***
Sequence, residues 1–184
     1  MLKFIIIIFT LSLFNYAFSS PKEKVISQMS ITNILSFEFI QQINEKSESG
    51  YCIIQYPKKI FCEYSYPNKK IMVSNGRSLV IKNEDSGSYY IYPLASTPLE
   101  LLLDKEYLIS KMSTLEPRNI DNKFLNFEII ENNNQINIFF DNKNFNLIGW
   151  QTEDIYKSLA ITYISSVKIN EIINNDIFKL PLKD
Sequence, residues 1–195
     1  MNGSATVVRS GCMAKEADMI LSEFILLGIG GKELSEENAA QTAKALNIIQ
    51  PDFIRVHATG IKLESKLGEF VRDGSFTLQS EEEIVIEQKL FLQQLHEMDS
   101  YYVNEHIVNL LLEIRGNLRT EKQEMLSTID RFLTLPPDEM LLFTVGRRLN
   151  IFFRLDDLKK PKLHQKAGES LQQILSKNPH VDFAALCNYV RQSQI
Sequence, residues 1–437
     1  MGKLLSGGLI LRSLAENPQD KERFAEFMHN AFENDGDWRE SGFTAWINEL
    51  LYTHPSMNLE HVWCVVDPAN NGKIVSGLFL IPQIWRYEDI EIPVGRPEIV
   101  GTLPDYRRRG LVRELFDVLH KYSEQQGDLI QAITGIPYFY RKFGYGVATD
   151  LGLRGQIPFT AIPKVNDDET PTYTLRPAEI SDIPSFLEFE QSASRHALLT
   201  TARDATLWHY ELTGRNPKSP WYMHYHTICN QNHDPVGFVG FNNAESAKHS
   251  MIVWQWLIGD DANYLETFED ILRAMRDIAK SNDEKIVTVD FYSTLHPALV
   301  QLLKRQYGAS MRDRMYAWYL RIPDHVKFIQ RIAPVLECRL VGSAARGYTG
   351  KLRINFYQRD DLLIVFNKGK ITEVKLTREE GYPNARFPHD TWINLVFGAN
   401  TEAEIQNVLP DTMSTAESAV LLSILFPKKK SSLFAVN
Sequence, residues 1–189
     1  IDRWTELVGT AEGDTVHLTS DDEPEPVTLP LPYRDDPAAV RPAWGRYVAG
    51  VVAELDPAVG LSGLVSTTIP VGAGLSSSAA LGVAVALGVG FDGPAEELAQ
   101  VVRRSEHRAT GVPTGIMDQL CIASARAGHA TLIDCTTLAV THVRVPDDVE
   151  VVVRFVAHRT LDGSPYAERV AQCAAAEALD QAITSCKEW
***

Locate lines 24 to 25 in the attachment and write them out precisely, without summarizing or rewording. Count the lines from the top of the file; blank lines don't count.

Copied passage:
   101  VVRRSEHRAT GVPTGIMDQL CIASARAGHA TLIDCTTLAV THVRVPDDVE
   151  VVVRFVAHRT LDGSPYAERV AQCAAAEALD QAITSCKEW